Roper can write, and Now the Drum of War (the title is from the closing lines of Walt’s “City of Ships”) makes vivid a story we thought we knew well. He revivifies another brother, Thomas Jefferson “Jeff” Whitman, who had a self-taught gift for mathematics and went on to an engineering career, helping to develop the water and sanitation systems in Brooklyn and Saint Louis. Roper follows every member of the Whitman family, and the later years, the illnesses and deaths, make for doleful reading. Whitman experienced the death of his 78-year-old mother in 1873 as, in Roper’s words, “the one loss never to be gotten over.” In a footnote Roper writes:

“Mrs. Whitman died after several weeks of progressive weakening…Hearing that she had taken a turn for the worse, Walt traveled to Camden by train and was with her for her last three days. A friend of the family’s, Helen E. Price, recalled the funeral in George’s house in a newspaper article published in 1919: `On taking my seat among [the mourners], I noticed a curious thumping at intervals that made the floor vibrate beneath my feet. I was so absorbed in my own grief that at first I was hardly conscious of it. I finally left my chair, and going to [another room]…I saw the poet all alone by the side of his mother’s coffin. He was bent over the side of his cane, both hands clasped upon it, and from time to time he would lift it and bring it down with a heavy thud on the floor.’”

Eight years after his mother’s death Whitman published Songs of Parting, which includes “As at Thy Portals Also Death,” not mentioned by Roper. The poem recreates the coffin scene described by Price, minus the cane, and is disturbingly intimate, even by Whitman’s standards:

“As at thy portals also death,
Entering thy sovereign, dim, illimitable grounds,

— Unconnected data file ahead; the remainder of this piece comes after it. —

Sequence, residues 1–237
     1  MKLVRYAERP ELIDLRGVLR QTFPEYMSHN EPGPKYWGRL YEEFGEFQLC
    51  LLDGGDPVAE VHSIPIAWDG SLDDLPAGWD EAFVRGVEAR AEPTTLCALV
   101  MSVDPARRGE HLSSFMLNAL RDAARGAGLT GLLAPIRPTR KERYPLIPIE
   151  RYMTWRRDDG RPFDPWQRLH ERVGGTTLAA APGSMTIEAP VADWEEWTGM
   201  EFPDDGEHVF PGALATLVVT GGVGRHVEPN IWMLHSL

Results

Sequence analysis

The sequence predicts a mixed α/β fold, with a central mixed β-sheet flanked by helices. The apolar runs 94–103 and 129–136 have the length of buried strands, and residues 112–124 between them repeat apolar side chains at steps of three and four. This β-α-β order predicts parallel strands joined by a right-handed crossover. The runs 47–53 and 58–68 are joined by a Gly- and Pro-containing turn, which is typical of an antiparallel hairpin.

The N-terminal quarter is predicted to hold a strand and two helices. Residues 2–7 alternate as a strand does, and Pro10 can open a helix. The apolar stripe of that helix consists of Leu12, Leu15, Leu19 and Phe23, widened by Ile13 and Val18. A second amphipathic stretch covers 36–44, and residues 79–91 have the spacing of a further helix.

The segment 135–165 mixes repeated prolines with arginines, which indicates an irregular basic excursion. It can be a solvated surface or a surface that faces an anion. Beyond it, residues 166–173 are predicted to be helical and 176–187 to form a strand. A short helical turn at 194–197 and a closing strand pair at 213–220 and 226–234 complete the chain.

To memories of my mother, to the divine blending, maternity,
To her, buried and gone, yet buried not, gone not from me,
(I see again the calm benignant face fresh and beautiful still,
I sit by the form in the coffin,
I kiss and kiss convulsively again the sweet old lips, the cheeks, the closed eyes in the coffin;)
To her, the ideal woman, practical, spiritual, of all of earth, life, love, to me the best,
I grave a monumental line, before I go, amid these songs,
And set a tombstone here.”

3 comments:

William A. Sigler said...

That last part reminds me of an incident at a lecture I once heard Borges give, in which some audience member made this big show of what a desecration it was to Whitman's memory the level of toxic waste in Camden, New Jersey, where he was buried. Without so much as a furrowed brow at this complete interruption of his thought, Borges said with exquisite innocence "but surely you are mistaken, Whitman is not buried in Camden, New Jersey, he's buried in the hearts and minds of those who read him."

Fran Manushkin said...

Thanks so much! This is a wonderful addition. I would've written earlier today but I've been in techie hell, something no Whitman ever encountered, or did they? Did the wireless exist? I'll have to look it up.

notesfromaroom.com said...

...a lecture I once heard Borges giveLucky you!